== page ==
Canada Building a Strong Tradition of Regenerative Medicine Funding
Article Author: J. Dean Spence
Science has a profound impact on our lives and our economy. New technologies built on science help us perform our daily tasks better, and the life expectancy of the average individual steadily rises thanks to innovations in medical research. New industries form around new technology and healthier people are less of a strain on the health care system. Scientific discovery, however, is dependent as much on funding as it is on good science. Such investment is important because it has many long-term benefits.
Often, the benefits of scientific research take time to be realized. Sometimes, it takes many years for today’s scientific innovation to have an impact. In a 2015 Research2Reality (R2R) interview, McMaster University chemistry professor John Valliant said, “We are using technologies, science and chemistry that were developed in the 1940s and ’50s right now to be able to [for example] manufacture molecular imaging probes in ways that were never possible. So this is fundamental science that had no immediate application 30, 40, 50 years ago but is now having an impact.” In the same vein, Michael May, CEO of Centre for Commercialization of Regenerative Medicine (CCRM), recently told U of T News that today’s advances in stem cell therapy can be traced back to the discovery of stem cells 65 years ago by U of T scientists James Till and Ernest McCulloch.
In a R2R a video “Why is Public Research Important for Our Future?” Ted Sargent, Professor Canada Research Chair in Nanotechnology U of T, argues that applied science is very well received in Canada. However, there is widespread agreement that under the Harper government Canadian science in general was undermined. Between 2008 and 2013 not only were science and technology budgets at Canada’s science-based federal departments and agencies cut by nearly $600 million, but 2141 full-time scientific positions were lost. But it was not all bad news under the Conservatives. In 2008, the Harper government launched the Vanier Canada Graduate scholarship, and in 2010 they launched the Banting Fellowship. Both awards aim to attract and retain world-class students. The awards represent a $34.7 million investment in health science, natural sciences and engineering, social sciences and humanities research. In 2014, 4 U of T PhD students won the Vanier scholarship: Miles Montgomery, Cameron Ritchie, Shrey Sindhwania and Lorraine Sugar. Also, in 2014 the Conservatives established the Canada First Research Excellence Fund (CFREF), a $1.5 billion federal initiative to fund research groups and programs at Canadian colleges and universities. Medicine by Design was the first recipient of the award, a 7 year $114 million grant. The centre will use the funding to establish a regenerative medicine program to develop treatments for such diseases as cancer, diabetes and blindness, by developing new therapies based on the design and manufacture of molecules, cells, tissues and organs that will then be used to treat diseases. With initiatives like Medicine by Design, Canada is poised to become a world leader in regenerative medicine. At the time of the funding announcement, Minister of State (Science and Technology) Ed Holder said, “Our government is investing in research and innovation to create jobs, strengthen the economy and improve the quality of life of Canadians.”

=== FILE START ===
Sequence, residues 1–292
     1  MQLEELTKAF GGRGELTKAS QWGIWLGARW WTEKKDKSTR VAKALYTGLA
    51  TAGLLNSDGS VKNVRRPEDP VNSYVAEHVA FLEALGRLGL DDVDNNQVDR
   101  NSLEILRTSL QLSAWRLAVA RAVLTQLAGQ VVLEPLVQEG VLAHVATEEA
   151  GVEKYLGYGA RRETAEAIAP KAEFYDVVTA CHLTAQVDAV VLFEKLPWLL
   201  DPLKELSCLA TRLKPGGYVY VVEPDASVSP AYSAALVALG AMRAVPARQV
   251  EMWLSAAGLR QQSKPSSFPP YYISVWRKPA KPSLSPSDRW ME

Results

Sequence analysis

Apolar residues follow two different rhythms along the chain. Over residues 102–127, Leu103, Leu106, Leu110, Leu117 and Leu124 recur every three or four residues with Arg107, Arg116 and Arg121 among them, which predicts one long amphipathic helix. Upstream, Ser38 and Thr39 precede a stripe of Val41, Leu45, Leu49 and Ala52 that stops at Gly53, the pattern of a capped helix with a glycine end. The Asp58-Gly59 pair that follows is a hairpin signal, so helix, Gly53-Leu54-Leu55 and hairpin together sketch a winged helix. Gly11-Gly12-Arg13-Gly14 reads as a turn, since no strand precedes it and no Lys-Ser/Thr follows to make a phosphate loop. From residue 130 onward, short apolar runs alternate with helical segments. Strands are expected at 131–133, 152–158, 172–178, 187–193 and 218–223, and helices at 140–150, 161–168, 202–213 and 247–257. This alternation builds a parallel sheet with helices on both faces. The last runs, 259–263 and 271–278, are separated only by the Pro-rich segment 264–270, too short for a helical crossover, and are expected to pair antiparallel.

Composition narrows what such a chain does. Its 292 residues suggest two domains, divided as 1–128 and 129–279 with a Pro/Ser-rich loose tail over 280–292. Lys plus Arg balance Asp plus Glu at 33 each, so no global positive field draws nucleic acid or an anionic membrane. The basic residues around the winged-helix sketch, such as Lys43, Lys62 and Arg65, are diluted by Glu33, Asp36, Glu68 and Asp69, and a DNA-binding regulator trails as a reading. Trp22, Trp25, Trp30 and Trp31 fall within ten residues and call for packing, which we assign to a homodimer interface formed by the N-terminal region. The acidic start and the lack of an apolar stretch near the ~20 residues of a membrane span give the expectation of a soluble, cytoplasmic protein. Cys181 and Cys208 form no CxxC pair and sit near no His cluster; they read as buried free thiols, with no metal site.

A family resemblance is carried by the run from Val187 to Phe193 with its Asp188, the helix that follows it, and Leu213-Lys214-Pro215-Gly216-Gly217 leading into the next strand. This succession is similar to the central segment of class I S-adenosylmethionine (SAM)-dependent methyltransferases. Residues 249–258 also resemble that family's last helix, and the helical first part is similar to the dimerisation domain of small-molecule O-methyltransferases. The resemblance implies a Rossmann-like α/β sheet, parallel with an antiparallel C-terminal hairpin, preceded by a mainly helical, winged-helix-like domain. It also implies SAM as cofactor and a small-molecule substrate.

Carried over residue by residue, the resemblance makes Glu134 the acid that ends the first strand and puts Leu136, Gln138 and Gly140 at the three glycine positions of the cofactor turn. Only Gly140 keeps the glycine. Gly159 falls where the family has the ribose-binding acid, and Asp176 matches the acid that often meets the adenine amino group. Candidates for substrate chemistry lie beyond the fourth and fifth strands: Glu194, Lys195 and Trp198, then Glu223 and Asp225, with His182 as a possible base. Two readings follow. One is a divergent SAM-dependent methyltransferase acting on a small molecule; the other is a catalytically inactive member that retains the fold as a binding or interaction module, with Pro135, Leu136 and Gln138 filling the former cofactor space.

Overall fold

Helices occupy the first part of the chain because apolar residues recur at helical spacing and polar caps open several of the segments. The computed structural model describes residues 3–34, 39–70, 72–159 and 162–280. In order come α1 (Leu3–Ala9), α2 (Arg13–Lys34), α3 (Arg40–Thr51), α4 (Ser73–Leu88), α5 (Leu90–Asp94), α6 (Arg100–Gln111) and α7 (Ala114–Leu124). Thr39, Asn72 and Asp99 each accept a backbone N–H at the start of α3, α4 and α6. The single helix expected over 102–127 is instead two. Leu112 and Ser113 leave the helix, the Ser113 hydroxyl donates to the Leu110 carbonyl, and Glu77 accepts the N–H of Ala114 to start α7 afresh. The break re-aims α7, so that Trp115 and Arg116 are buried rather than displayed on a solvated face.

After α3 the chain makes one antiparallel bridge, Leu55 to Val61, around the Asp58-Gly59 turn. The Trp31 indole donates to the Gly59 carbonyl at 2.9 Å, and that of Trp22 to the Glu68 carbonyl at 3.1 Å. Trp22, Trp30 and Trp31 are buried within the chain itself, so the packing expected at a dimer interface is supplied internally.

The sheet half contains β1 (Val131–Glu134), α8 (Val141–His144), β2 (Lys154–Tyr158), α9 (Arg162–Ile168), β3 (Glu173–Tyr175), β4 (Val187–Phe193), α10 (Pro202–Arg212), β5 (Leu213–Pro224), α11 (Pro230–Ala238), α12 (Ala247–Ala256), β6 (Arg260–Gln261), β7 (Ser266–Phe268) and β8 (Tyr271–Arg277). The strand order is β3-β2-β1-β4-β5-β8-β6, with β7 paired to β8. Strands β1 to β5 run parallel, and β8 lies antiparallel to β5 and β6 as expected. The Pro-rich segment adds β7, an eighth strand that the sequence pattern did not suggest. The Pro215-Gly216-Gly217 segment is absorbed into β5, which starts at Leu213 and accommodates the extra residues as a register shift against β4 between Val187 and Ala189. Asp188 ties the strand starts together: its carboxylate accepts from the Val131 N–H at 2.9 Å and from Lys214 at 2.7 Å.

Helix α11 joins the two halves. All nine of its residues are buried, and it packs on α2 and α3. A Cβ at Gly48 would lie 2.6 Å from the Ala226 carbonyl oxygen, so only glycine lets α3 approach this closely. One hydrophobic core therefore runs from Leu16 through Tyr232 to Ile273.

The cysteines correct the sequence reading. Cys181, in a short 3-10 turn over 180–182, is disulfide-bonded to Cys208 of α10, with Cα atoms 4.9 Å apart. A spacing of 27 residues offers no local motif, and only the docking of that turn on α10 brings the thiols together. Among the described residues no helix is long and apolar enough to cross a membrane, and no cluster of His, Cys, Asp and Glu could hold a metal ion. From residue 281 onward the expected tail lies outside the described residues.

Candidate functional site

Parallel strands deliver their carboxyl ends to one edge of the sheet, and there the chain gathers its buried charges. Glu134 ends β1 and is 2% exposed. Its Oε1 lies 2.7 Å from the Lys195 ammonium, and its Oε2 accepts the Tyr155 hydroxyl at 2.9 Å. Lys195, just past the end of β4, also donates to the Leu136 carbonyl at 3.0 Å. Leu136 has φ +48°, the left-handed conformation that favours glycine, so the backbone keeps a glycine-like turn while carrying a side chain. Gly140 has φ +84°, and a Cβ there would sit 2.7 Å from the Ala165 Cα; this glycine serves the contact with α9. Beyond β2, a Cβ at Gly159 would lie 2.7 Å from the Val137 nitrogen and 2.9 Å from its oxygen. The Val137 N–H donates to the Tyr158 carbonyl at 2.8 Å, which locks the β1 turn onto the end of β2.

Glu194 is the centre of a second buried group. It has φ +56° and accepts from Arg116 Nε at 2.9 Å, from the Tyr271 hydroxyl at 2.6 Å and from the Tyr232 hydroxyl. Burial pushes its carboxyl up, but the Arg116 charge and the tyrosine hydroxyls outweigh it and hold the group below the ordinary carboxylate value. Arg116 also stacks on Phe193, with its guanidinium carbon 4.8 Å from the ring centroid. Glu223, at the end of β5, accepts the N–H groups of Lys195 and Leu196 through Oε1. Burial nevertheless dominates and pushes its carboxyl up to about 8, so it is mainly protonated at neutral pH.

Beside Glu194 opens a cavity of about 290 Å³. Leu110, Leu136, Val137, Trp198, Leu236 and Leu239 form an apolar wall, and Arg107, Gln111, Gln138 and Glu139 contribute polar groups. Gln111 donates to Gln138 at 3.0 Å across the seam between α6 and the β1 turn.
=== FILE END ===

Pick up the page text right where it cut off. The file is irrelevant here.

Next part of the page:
It appears, then, that research in the area of regenerative medicine tends to be well supported in Canada, perhaps because it is an area that Canadian scientists excel in–especially scientists in Ontario. In fact, the Trudeau government seems to be picking up where the Conservatives left off. Prime Minister Trudeau recognizes that regenerative medicine is the way of the future. On January 13, he announced plans to give a $20 million grant to the CCRM to establish and operate a new Centre for Advanced Therapeutic Cell Technologies. GE Healthcare also announced plans to commit $20 million to the new centre. The Trudeau government is still new. It will be interesting to see if the Liberals can continue to build upon some of the good work that the Conservatives did.